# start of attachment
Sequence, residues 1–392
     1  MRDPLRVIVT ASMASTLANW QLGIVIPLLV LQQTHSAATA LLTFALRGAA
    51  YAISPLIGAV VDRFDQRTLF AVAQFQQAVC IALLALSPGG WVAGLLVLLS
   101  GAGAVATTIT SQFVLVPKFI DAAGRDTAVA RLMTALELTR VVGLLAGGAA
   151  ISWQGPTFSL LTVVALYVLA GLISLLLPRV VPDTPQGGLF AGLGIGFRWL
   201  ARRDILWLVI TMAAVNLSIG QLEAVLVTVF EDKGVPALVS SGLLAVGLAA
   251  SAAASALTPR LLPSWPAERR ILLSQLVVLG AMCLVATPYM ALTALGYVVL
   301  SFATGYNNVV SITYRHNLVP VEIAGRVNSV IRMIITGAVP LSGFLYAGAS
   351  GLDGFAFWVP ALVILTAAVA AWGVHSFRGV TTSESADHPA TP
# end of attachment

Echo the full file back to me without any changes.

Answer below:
Sequence, residues 1–392
     1  MRDPLRVIVT ASMASTLANW QLGIVIPLLV LQQTHSAATA LLTFALRGAA
    51  YAISPLIGAV VDRFDQRTLF AVAQFQQAVC IALLALSPGG WVAGLLVLLS
   101  GAGAVATTIT SQFVLVPKFI DAAGRDTAVA RLMTALELTR VVGLLAGGAA
   151  ISWQGPTFSL LTVVALYVLA GLISLLLPRV VPDTPQGGLF AGLGIGFRWL
   201  ARRDILWLVI TMAAVNLSIG QLEAVLVTVF EDKGVPALVS SGLLAVGLAA
   251  SAAASALTPR LLPSWPAERR ILLSQLVVLG AMCLVATPYM ALTALGYVVL
   301  SFATGYNNVV SITYRHNLVP VEIAGRVNSV IRMIITGAVP LSGFLYAGAS
   351  GLDGFAFWVP ALVILTAAVA AWGVHSFRGV TTSESADHPA TP